What other approach/technique is recommended for mild tuberous breast other than a areolar reduction?

Im getting a BA. My doc said I have a mild tuberous breast. Areolar Reduction is recommended & the BA alone wouldn't fix it. Is there another way to correct the puffiness of the areola? I do not want to have a 2nd surgery later. If I do not go through w/the reduction, will the puffiness be very noticeable? I really want it fixed but the reduction scares me, the scars, possible stretching of the scars, assymtrey, & that look of the areola looking rippled and fake worries me. Am I overthinking it?

Doctor Answers 11

Tuberous Breast Augmentation

Hello,

You are NOT overthinking these issues regarding breast augmentation in the tuberous breast.  In fact, these are very real issues that frequently require reoperation or 'minor adjustments', more common than breast augmentation in the non-tuberous breast.  Breast augmentation with areolar reduction are two opposing procedures: the implants enlarge the volume of the breast and stretch the already tight, inelastic breast skin, and the areolar reduction serves to reduce the areolar area, thereby further tightening breast skin that is already under tension.

It is not unreasonable to undergo breast augmentation without areolar reduction, with the understanding that a second surgery will be performed some time in the future, after the breast skin has expanded and relaxed.  Regardless of your breast shape, you should reconsider having breast augmentation if you do not accept the fact that a second surgery will be required sometime in the future, even without surgical complications.

Another word of caution.  As I previously mentioned, your breast skin is inelastic and tight, a hallmark of the tuberous breast, and it will not stretch that much.  If an inappropriately large implant is placed, your natural inframammary fold will lift off your chest wall creating a contour defect known as double bubble. Please limit the size of the implant, at least during the initial surgery.  Larger implants can be placed in a subsequent surgery without this problem.


Beverly Hills Plastic Surgeon
4.9 out of 5 stars 79 reviews

What other approach/technique is recommended for mild tuberous breast other than a areolar reduction?

The appearance of the areolar puffiness may be improved by performing incisions within the breast tissue just under the area of constriction around the base of your areolae. This will help to flatten the areolae. However, the width of the areolae will widen due to the release of constricted tissue and pressure from your breast implants. This would be the only way to avoid a circumferential scar around your areolae. Thank you for sharing your photos and question. Best of luck with your breast augmentation.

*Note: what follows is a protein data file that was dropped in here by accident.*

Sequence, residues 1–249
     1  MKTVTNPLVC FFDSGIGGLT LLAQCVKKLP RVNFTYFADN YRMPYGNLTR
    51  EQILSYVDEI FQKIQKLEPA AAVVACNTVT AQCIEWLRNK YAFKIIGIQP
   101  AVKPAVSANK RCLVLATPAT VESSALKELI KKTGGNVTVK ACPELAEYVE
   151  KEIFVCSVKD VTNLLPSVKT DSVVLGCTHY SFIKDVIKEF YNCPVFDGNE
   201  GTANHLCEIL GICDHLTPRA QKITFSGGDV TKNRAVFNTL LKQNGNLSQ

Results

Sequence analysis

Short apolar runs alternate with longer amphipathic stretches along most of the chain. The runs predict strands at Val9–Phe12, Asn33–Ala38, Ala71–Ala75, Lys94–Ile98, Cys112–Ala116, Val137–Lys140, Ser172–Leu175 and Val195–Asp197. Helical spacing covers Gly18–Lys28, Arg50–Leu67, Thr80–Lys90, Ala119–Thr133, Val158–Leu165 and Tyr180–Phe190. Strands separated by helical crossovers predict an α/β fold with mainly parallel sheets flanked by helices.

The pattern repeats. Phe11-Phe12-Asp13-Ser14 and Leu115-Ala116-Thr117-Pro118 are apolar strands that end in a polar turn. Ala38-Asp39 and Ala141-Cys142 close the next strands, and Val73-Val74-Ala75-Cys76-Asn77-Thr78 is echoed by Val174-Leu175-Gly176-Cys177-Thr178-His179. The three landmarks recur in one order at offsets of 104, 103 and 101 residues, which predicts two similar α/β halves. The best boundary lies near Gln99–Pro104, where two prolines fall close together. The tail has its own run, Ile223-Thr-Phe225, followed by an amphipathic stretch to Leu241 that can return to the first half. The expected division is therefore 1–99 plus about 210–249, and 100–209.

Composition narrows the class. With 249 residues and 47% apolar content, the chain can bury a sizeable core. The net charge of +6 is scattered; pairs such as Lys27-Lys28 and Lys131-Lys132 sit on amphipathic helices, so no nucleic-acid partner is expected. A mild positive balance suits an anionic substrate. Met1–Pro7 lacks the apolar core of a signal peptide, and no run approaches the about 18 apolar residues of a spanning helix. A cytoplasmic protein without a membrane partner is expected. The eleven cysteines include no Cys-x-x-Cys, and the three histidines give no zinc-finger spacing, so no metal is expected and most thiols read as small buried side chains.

Gregory Park, MD
San Diego Plastic Surgeon
5.0 out of 5 stars 158 reviews

What other approach/technique is recommended for mild tuberous breast other than a areolar reduction?

Thank you for your question! Given your photos, I do agree that it does appear that you have a mild tuberous breast/constricted breast deformity. For such a deformity, the standard procedure would be placement of an implant (or tissue expander, depending on the lower pole of your breast) as well as a circumareolar breast lift. These modalities would correct the issues with tuberous breast: constricted breast at the inferior pole, via breast prosthetic; scoring of the tissue to release the bands; lowering the inframammary fold; correcting the herniation of breast tissue into the areolae; and decreasing the overall size of the areolae. These are the hallmarks of tuberous breasts.

While sometimes challenging to correct, I believe that you can get an excellent result, with your photos shown.  Consult with a plastic surgeon well-versed in breast surgery and discuss your goals and expectations. S/he will then be able to examine and discuss the various options and assist you in deciding which decision os the right one for you, given your desires. I would expect a very pleasing result for you! Hope that this helps! Best wishes for a wonderful result!

Lewis Albert Andres, MD
Scottsdale Plastic Surgeon
5.0 out of 5 stars 24 reviews

What other approach/technique is recommended for mild tuberous breast other than a areolar reduction?

Thank you for the question and pictures.
Yes, I think your breasts do demonstrate some of the qualities seen with tuberous (constricted) breasts; there is a wide range when it comes to tuberous/constricted breast presentation.

Generally speaking, some of the characteristics seen with tuberous breasts include a very narrow base, short distance from areola to inframammary fold, tight (constricted) lower pole of the breasts, relatively wide space between the breasts, "puffy” areola and some degree of ptosis (drooping).

Generally, correction of tuberous breast anomalies involves breast augmentation with areola reduction / mastopexy procedure. The distance from the inframammary fold is increased (to create a more rounded out appearance). Proper implant positioning improves the distance (cleavage) between the breasts. The areola reduction helps to treat the pointed and "puffy" appearance of the areola.